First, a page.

Friday, April 12, 2019
My review of Philip Kerr's Metropolis in The Guardian
untimely death last year at the age of 62 deprived us of a gifted writer of a variety of books, from children’s to non-fiction. But it was his creation Bernie Gunther, a sardonic cop and private investigator in Nazi Berlin, that captured the imagination of fans across the world. Gunther first appeared in 1989’s March Violets, as an ex-policeman specialising in what Dashiell Hammett called “wandering daughter jobs” around the time of the 1936 Berlin Olympics. The original Berlin trilogy took us to the end of the war; after that Kerr had fun plunging readers forward into Gunther’s postwar career in Cuba and back into the Nazi era.hilip Kerr’s
Metropolis, the last Gunther novel, begins in 1928 with Gunther working in the Berlin police vice department and lodging with four wonderfully drawn Christopher Isherwood types, including a writer and a musician/escort. A veteran of the Great War, Gunther is the perfect world-weary investigator for the glittering, doomed demi-monde of Weimar Berlin. As Metropolis opens, he is newly promoted to the murder squad of the Kriminalpolizei and begins investigating the serial murders of four suspected prostitutes. In a brilliant set piece scene deploying all Kerr’s empathy and intelligence, Gunther enters into an imaginary dialogue with Mathilde Luz, a young Jewish factory worker who was the first victim.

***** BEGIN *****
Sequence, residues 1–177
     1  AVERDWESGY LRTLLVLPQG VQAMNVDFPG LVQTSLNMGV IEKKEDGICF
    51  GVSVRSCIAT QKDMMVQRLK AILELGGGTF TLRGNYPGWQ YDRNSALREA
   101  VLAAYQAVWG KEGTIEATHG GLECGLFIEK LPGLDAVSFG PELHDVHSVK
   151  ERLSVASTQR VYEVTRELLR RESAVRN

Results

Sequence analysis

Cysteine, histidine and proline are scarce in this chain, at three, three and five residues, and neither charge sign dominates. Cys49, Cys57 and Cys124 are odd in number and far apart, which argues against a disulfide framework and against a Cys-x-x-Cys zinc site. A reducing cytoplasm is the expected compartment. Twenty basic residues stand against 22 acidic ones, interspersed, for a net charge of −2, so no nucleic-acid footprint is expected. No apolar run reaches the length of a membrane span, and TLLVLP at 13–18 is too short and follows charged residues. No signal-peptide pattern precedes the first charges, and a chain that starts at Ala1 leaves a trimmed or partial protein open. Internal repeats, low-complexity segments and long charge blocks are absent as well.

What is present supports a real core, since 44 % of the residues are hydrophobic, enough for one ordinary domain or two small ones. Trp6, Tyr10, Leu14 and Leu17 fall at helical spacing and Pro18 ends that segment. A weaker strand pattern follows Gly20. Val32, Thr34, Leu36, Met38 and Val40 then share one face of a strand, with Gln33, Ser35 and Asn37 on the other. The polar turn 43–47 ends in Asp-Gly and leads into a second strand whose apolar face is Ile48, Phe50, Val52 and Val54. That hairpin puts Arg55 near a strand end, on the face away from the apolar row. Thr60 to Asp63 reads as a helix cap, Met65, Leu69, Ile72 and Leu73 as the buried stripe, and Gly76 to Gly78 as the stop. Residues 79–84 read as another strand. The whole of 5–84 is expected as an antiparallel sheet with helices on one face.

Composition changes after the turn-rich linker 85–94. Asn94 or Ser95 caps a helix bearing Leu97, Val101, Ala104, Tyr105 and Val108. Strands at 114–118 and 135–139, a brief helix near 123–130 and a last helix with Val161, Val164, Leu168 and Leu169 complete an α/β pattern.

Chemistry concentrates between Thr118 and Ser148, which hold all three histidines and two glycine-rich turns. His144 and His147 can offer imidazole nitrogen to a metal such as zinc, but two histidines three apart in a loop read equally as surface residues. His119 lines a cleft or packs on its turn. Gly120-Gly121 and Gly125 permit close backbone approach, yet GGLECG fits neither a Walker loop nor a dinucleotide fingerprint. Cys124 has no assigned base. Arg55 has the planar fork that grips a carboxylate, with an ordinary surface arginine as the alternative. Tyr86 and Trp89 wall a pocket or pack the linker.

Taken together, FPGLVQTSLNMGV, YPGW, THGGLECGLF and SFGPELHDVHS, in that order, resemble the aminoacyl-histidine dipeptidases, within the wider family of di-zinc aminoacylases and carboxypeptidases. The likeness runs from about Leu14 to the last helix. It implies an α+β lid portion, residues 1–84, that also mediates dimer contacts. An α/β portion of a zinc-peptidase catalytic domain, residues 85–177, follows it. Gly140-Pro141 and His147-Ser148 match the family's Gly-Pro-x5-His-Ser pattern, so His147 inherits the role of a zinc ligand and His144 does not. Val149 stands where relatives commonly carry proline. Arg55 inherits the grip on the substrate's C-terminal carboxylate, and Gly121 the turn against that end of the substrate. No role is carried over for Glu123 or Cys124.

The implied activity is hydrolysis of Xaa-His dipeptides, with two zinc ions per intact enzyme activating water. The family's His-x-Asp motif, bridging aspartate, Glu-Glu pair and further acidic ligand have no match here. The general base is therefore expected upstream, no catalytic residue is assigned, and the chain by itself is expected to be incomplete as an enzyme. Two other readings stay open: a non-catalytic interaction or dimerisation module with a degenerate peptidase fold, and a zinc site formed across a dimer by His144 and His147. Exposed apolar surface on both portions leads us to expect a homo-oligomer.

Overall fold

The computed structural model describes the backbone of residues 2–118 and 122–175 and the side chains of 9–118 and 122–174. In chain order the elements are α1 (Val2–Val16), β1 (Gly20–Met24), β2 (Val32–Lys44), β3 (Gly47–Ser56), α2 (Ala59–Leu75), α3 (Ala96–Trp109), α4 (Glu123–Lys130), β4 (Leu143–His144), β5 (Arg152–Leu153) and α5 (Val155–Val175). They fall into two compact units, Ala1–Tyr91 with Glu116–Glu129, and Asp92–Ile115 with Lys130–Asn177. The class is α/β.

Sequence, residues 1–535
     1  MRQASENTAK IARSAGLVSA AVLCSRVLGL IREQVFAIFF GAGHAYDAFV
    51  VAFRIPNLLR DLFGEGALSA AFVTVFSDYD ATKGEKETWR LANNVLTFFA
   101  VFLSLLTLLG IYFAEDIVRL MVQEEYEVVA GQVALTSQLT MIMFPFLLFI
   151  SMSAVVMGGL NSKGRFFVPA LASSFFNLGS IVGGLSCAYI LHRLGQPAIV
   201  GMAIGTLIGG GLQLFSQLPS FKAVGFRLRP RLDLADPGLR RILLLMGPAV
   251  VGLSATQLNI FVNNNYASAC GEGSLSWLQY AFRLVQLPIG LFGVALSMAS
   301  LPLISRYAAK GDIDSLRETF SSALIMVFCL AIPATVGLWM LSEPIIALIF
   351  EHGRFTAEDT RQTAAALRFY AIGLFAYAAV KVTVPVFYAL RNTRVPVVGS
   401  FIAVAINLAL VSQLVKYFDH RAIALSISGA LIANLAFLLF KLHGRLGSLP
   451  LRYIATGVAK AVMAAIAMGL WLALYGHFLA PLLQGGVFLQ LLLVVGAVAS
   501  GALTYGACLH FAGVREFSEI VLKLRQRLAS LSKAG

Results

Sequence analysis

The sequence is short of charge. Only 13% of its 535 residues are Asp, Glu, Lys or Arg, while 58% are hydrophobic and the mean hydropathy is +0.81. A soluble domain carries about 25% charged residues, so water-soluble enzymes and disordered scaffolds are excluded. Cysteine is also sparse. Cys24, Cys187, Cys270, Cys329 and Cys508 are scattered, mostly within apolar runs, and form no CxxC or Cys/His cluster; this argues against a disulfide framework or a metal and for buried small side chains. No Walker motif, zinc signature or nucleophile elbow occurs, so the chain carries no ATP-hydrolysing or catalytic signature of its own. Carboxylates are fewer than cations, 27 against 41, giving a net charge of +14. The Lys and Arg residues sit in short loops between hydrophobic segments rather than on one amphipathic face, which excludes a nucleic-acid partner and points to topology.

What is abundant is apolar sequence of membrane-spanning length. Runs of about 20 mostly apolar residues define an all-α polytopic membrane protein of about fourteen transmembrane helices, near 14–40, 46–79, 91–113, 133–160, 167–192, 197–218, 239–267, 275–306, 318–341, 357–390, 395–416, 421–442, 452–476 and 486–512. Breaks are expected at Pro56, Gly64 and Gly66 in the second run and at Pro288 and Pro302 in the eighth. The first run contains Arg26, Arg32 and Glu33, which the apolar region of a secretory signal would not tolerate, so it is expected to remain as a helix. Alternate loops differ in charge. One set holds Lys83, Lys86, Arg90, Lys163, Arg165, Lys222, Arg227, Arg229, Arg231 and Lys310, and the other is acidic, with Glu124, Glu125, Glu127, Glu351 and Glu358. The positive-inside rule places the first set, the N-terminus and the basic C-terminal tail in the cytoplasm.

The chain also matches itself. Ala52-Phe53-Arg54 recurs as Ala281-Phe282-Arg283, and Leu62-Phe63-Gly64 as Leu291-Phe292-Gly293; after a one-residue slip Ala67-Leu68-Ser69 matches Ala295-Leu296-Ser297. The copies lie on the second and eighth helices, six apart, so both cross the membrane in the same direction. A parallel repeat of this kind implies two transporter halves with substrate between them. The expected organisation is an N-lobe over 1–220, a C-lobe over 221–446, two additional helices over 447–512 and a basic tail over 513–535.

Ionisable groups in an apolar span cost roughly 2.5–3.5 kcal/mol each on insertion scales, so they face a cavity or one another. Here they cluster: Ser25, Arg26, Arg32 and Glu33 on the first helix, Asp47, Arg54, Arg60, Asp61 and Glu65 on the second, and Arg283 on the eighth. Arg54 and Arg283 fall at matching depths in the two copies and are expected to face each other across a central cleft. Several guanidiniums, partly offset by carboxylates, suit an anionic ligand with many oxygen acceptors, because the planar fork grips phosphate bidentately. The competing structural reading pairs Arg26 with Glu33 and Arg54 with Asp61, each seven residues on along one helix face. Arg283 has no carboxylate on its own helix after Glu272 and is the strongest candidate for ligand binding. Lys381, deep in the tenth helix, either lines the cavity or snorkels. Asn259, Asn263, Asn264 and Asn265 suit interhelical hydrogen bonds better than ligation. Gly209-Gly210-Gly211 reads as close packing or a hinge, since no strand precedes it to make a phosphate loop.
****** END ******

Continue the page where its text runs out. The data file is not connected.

Nazis in the department wonder why Gunther cares so much about one dead Jewish girl – and of course within a decade a million Jewish children will be murdered under the Nazi racial laws. But nowhere in the series does Gunther commit the fallacy of thinking numerically about moral facts, and in a universe spiralling towards chaos his desire to establish a little local order in a sea of entropy is the best that he can do.
When the daughter of a local crime boss is killed, the stakes are raised – and then someone starts murdering disabled veterans, as if wanting to purge Berlin of ugly reminders of a more complicated past, just as a bold tomorrow begins to gather strength. Wonderfully plotted, with elegant prose, witty dialogue, homages to German Expressionism and a strong emotional charge, this is a bittersweet ending to a superb series.
• Adrian McKinty’s The Chain will be published by Orion in July. Metropolis is published by Quercus (£14.99). To order a copy go to guardianbookshop.com or call 0330 333 6846. Free UK p&p over £15, online orders only. Phone orders min p&p of £1.99.